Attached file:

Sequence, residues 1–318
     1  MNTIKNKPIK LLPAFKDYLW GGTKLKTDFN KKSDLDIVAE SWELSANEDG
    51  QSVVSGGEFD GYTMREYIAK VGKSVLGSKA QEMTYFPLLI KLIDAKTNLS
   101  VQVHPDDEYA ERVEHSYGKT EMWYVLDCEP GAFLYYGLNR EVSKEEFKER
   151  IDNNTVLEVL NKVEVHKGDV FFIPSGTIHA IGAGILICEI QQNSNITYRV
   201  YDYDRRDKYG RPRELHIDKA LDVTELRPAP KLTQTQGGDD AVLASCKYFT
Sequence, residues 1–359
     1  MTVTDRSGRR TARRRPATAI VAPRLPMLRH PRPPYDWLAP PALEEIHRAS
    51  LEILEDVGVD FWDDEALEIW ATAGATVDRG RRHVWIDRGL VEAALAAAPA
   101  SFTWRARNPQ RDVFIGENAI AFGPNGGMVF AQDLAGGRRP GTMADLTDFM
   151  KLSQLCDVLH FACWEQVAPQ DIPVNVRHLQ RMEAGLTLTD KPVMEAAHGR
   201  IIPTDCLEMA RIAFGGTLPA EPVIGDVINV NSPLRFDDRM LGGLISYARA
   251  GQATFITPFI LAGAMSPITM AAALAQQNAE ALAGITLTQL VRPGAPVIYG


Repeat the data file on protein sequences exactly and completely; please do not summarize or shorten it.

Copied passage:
Sequence, residues 1–318
     1  MNTIKNKPIK LLPAFKDYLW GGTKLKTDFN KKSDLDIVAE SWELSANEDG
    51  QSVVSGGEFD GYTMREYIAK VGKSVLGSKA QEMTYFPLLI KLIDAKTNLS
   101  VQVHPDDEYA ERVEHSYGKT EMWYVLDCEP GAFLYYGLNR EVSKEEFKER
   151  IDNNTVLEVL NKVEVHKGDV FFIPSGTIHA IGAGILICEI QQNSNITYRV
   201  YDYDRRDKYG RPRELHIDKA LDVTELRPAP KLTQTQGGDD AVLASCKYFT
Sequence, residues 1–359
     1  MTVTDRSGRR TARRRPATAI VAPRLPMLRH PRPPYDWLAP PALEEIHRAS
    51  LEILEDVGVD FWDDEALEIW ATAGATVDRG RRHVWIDRGL VEAALAAAPA
   101  SFTWRARNPQ RDVFIGENAI AFGPNGGMVF AQDLAGGRRP GTMADLTDFM
   151  KLSQLCDVLH FACWEQVAPQ DIPVNVRHLQ RMEAGLTLTD KPVMEAAHGR
   201  IIPTDCLEMA RIAFGGTLPA EPVIGDVINV NSPLRFDDRM LGGLISYARA
   251  GQATFITPFI LAGAMSPITM AAALAQQNAE ALAGITLTQL VRPGAPVIYG